These questions and answers cover the decontamination, site preparation and removal of the Temporary Emissions Control Enclosure (TECE) and removal of associated Emissions Control Systems (ECSs).
1. When will Orica pull down the enclosure?
Orica is likely to start removing the enclosure in June/July 2014. This timing is dependent on the EPA:
- issuing a licence variation that specifies additional requirements to ensure that the decommissioning of the enclosure does not have an adverse impact on the environment and human health
- finalising its reviews of all relevant monitoring data.
2. How long will it take?
Decommissioning and removing the building will take about 10 to12 weeks. Construction of the capping system (i.e. concrete slab) and below-ground cut-off wall is expected to take another 12 months.
3. What are the phases of this project?
Stage 1: August–November 2013: Completed
- Blocks A and M excavation and replacement of new/remediated soil.
Stage 2: September–December 2013: Completed
- Block G targeted excavation and removal of mercury contaminated soil and replacement of new/remediated soil.
Stage 3: January–December 2014: In progress
- Decontamination, site preparation and removal of the TECE and removal of associated ECSs.
Stage 4: January–June/September 2015
- Construction of cut-off wall
- Installation of capping system
4. How can we be sure that air emissions will be safe when the enclosure is removed?
Remediation of the soil within the enclosure has been completed in accordance with EPA’s Management Order. The highly contaminated soil has been removed and properly disposed of off-site.
The EPA has conducted rigorous reviews of the monitoring data from inside and outside the enclosure and conducted inspections inside the enclosure itself. Monitoring inside the enclosure shows that the mercury levels are now low and decreasing and there is no longer a need for personal protective equipment.
Monitoring of mercury levels will continue so that in the unlikely event that emission levels rise, immediate management actions can be employed to protect the environment and human health.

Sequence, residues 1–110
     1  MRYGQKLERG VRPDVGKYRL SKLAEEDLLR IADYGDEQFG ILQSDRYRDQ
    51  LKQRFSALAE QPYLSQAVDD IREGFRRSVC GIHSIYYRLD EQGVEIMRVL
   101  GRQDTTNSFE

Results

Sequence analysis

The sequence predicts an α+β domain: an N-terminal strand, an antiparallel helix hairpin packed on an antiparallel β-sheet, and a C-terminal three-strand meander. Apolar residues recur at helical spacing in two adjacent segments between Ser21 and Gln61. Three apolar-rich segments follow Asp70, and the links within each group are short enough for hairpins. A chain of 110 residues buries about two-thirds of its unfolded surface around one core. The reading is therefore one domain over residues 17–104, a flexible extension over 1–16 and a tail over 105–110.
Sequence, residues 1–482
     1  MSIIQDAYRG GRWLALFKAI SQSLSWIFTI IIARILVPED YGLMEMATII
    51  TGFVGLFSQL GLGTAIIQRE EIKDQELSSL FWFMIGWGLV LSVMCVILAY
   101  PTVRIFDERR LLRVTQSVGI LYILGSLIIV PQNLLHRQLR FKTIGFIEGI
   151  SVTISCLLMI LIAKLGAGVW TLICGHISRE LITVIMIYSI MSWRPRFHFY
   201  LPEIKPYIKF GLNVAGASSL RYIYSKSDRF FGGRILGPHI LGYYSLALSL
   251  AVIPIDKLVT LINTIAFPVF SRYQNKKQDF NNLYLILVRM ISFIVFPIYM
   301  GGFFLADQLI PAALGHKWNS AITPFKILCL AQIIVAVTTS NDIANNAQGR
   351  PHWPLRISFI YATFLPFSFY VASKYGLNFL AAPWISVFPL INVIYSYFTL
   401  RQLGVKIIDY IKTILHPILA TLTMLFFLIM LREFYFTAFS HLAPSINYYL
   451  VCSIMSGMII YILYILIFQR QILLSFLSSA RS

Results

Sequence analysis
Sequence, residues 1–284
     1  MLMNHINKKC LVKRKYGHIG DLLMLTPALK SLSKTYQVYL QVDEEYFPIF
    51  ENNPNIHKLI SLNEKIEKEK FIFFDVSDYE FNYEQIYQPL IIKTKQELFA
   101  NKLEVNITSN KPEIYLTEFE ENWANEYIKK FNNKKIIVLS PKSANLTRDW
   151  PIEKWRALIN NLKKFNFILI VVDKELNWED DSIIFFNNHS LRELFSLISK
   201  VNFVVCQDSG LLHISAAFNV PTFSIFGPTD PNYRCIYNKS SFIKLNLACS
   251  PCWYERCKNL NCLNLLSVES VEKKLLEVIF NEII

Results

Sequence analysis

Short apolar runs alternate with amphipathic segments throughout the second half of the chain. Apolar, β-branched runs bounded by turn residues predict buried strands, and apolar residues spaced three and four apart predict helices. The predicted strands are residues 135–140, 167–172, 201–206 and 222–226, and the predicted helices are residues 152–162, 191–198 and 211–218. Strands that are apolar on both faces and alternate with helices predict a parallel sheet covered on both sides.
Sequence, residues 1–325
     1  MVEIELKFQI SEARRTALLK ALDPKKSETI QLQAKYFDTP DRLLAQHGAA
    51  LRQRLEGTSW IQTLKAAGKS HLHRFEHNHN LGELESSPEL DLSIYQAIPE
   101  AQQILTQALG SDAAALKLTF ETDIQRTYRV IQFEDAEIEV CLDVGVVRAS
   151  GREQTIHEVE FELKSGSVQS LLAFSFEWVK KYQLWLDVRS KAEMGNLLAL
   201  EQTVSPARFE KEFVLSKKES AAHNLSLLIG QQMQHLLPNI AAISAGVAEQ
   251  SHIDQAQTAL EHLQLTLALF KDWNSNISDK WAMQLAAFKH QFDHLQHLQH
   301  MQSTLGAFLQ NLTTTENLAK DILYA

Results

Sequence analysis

5. What is the purpose of the mercury limits on Orica’s licence?
The emission limits in the licence are set well below the levels required to protect the environment and human health. In addition, the licence specifies ‘action levels’, at which Orica is required to implement various management actions to ensure the mercury levels remain below the licence limits.
6. What are the average mercury levels inside the TECE now?
The average reading inside the enclosure for the week starting 28 April was 1.7 micrograms/m3 and the lowest reading was 0.7 micrograms/m3. Modelling using World Health Organisation standards indicate the shed can be removed safely once the levels inside the enclosure fall below about 50 micrograms/m3.
7. Are these levels okay for workers inside the enclosure?
The current levels mean it is now safe for workers to move around inside the enclosure for a full-working day without using any breathing apparatus.
The WorkCover time-weighted average limit for exposure to mercury as elemental vapour is 25 micrograms/m3 as an 8-hour average.
Time-weighted average (TWA) means the maximum average airborne concentration of a substance when calculated over an 8-hour working day, for a 5-day working week.
8. Is NSW Health satisfied that risks to the public have been adequately minimised?
NSW Health has informed the EPA that:
- it expects that enforcement of compliance with the licence conditions for decommissioning the enclosure will minimise any risks to public health
- continuous monitoring of mercury concentrations in the air at the 3 sensors located near Botany Industrial Park boundaries will be important in detecting any release of mercury vapour which might affect the local community.
For more information on mercury exposure and health, see the Public Health Unit’s environmental health web page.
9. Will the EPA also conduct its own monitoring?
Yes. The EPA is in the process of commissioning an ambient air monitoring scientist to conduct independent monitoring. This will involve an ambient air monitoring station being installed close to the enclosure. This independent monitoring will be conducted for a period before the shed is removed, and then for a period during its disassembly.
The EPA will closely review all monitoring data.
10. What is Orica doing to communicate with the community?
Orica has informed the EPA that it intends to provide information to the community in a number of ways. This includes:
- publishing an advertisement in the Southern Courier
- posting a former chlor-alkali plant (FCAP) Stage 3 fact sheet on its website
- conducting a letter drop to its neighbours in Denison Street
- providing the Community Liaison Committee with a newsletter.
Orica has also stated that it will provide community members with a number of avenues to seek more information and have their concerns answered.